What are the strongest currencies in the world?
On the one hand, there are certain currencies that are official currencies both in the issuing countries and in other territories. In this way, it is the exchange values on which most of the transactions recognized by the internal market of each country are sustained. This explains why, with its currency, current commercial exchanges are carried out day by day.
On the other hand, in those large transactions of international goods or services, the currency in which certain agreements are closed involves an extra expense or savings for both buyers and sellers. This determines that the operation is beneficial for some and not for others, as well as that it fulfills the function of giving security to certain economies over others.
And finally, there is the world currency market itself, in which the currencies themselves become investment goods. With a few exceptions, this is the case because the value of currencies is always subject to market movements and laws, taking into account supply and demand. This is the way in which the value of a currency can oscillate in the same way as any market value, causing profits or losses to investors.
The world's strongest currencies
There are many currencies, but the world's currencies and their value are those that have earned their place thanks to the economic strength of the issuing countries. Those that do not fall within that classification have not achieved it for various reasons such as their strategic vision in the world of international trade, or its stability as defensive security in times of financial instability. This is a selection of the world's strongest currencies:
The U.S. dollar is the most widely traded currency worldwide. The dollar was originally created in 1972 and used by many states, mostly as a reserve currency. Ecuador, El Salvador, Panama, East Timor, Zimbabwe, and others all use the dollar as their official currency and means of payment.
The euro, being the youngest currency of the creation in this list, is the one that constitutes, in terms of turnover, the second most important currency of reserve, after the dollar. It has been in circulation since 2002, and today it is the official currency of 19 European states.
The yen has been in use since 1874. It is an official currency of Japan and is the third most widely used currency for business worldwide. The great regulatory measures that this country imposed on its currency and its great stability, made the yen is one of the reserve currencies chosen by Asian countries.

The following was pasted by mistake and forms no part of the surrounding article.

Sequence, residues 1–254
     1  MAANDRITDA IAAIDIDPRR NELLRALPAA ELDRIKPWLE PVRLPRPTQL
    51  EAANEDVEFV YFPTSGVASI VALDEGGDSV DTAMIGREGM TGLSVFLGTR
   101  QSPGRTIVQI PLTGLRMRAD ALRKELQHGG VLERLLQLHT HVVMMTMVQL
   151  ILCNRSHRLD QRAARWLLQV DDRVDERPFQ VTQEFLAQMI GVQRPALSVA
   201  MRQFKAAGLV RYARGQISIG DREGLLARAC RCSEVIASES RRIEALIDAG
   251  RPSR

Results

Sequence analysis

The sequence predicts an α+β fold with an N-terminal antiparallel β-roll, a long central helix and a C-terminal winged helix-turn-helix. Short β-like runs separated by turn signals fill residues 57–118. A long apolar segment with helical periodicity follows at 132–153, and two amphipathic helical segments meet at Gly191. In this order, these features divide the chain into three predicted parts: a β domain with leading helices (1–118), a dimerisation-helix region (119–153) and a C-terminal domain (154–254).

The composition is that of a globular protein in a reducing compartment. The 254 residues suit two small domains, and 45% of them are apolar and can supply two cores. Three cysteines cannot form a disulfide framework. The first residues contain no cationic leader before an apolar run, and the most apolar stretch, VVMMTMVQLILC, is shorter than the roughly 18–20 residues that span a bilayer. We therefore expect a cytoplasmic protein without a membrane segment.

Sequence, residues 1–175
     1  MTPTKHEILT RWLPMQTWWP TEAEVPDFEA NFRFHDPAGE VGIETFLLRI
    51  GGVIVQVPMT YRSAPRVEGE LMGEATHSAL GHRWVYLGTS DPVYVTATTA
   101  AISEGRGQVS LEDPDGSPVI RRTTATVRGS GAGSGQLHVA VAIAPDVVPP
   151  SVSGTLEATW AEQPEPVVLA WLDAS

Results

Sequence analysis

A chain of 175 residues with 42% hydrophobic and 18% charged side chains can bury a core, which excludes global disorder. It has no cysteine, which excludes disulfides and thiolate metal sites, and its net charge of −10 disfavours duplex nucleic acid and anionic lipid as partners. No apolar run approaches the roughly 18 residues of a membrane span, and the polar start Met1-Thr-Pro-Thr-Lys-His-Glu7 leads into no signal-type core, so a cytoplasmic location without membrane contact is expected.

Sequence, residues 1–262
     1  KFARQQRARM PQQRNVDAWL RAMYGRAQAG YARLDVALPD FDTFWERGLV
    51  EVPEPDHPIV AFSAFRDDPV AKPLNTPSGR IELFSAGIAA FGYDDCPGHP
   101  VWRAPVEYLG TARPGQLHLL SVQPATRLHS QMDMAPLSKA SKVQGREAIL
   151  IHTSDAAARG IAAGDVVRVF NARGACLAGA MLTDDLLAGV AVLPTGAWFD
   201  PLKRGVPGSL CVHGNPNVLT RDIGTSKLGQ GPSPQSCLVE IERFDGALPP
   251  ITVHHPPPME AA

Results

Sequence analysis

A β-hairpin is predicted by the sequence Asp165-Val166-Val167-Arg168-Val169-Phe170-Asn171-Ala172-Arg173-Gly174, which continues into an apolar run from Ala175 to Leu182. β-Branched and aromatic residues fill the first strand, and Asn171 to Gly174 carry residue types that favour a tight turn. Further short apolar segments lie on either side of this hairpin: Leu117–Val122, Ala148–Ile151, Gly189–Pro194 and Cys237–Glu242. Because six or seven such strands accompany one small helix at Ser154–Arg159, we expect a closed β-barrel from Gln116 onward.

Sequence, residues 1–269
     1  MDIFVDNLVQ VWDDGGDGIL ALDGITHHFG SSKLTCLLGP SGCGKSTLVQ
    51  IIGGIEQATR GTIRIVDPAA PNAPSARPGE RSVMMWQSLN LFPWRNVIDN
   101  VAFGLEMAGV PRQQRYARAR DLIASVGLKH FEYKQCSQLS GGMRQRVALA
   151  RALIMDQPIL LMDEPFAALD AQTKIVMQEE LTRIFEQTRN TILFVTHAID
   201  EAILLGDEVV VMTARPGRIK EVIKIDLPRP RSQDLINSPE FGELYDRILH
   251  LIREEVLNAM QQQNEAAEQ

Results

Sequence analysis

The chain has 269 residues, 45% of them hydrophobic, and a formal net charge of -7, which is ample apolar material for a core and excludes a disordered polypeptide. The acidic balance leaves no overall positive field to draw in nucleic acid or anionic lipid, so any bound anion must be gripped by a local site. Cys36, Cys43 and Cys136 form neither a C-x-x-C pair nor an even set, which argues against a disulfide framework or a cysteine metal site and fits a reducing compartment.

The pound sterling is the oldest currency. So much for its circulation, since the early twentieth century is that its value already reflected the hegemonic position of the British Empire around the world. From the 1990s it regained some stability, although Brexit may presume a new challenge to the mistrust of the pound.
The Swiss franc is a currency that found a neutral position in Switzerland during World War I and World War II. Assuming that they trusted the Swiss franc as a reserve value and exchange currency during those years is that the current Swiss franc has great importance in the financial sector and banking sector of their country.
The Australian dollar was introduced in 1966 to replace the Australian pound, which is another currency of great importance for international business, especially in Asia. Since 1998, the Australian dollar has been made from plastic polymers to prevent counterfeiting and increase its durability.
The Canadian dollar is another important currency in the world economy. It is marketed mainly in Central America and Europe. This dollar has inscriptions in both English and French, which are the two official languages of your country.
The Mexican peso is one of the most important currencies for commercial operations throughout Latin America, as it was the first to use the $ symbol, more usually associated with the U.S. dollar today.
More recognized as a yuan, the renminbi is the official currency of the People's Republic of China. It is the basic unit of the renminbi and both share the same symbol.
The Swedish krona is traded mainly in Europe and is based on the production and export of palladium and steel, among other high-value metals.
These are the world's strongest currencies of great importance within the global economic system. Currencies in which most of the commercial operations are executed every day.